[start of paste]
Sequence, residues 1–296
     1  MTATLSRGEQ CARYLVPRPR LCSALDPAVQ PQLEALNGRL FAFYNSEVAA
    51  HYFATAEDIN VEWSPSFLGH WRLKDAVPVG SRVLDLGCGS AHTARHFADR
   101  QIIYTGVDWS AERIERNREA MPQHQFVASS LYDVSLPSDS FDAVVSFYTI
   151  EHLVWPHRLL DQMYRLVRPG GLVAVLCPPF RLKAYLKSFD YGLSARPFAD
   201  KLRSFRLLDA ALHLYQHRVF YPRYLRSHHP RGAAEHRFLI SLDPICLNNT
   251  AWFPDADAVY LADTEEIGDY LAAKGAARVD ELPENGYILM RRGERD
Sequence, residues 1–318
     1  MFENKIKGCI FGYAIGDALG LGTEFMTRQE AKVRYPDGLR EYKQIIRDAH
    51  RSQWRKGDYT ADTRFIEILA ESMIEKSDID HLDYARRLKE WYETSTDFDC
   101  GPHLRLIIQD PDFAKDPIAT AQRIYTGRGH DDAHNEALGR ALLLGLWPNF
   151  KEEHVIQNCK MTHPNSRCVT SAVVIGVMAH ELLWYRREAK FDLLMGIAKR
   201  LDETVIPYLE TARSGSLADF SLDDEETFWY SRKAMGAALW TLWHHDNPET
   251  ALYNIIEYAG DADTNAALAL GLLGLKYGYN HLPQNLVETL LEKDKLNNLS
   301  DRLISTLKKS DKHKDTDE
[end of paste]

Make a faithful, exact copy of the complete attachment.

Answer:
Sequence, residues 1–296
     1  MTATLSRGEQ CARYLVPRPR LCSALDPAVQ PQLEALNGRL FAFYNSEVAA
    51  HYFATAEDIN VEWSPSFLGH WRLKDAVPVG SRVLDLGCGS AHTARHFADR
   101  QIIYTGVDWS AERIERNREA MPQHQFVASS LYDVSLPSDS FDAVVSFYTI
   151  EHLVWPHRLL DQMYRLVRPG GLVAVLCPPF RLKAYLKSFD YGLSARPFAD
   201  KLRSFRLLDA ALHLYQHRVF YPRYLRSHHP RGAAEHRFLI SLDPICLNNT
   251  AWFPDADAVY LADTEEIGDY LAAKGAARVD ELPENGYILM RRGERD
Sequence, residues 1–318
     1  MFENKIKGCI FGYAIGDALG LGTEFMTRQE AKVRYPDGLR EYKQIIRDAH
    51  RSQWRKGDYT ADTRFIEILA ESMIEKSDID HLDYARRLKE WYETSTDFDC
   101  GPHLRLIIQD PDFAKDPIAT AQRIYTGRGH DDAHNEALGR ALLLGLWPNF
   151  KEEHVIQNCK MTHPNSRCVT SAVVIGVMAH ELLWYRREAK FDLLMGIAKR
   201  LDETVIPYLE TARSGSLADF SLDDEETFWY SRKAMGAALW TLWHHDNPET
   251  ALYNIIEYAG DADTNAALAL GLLGLKYGYN HLPQNLVETL LEKDKLNNLS
   301  DRLISTLKKS DKHKDTDE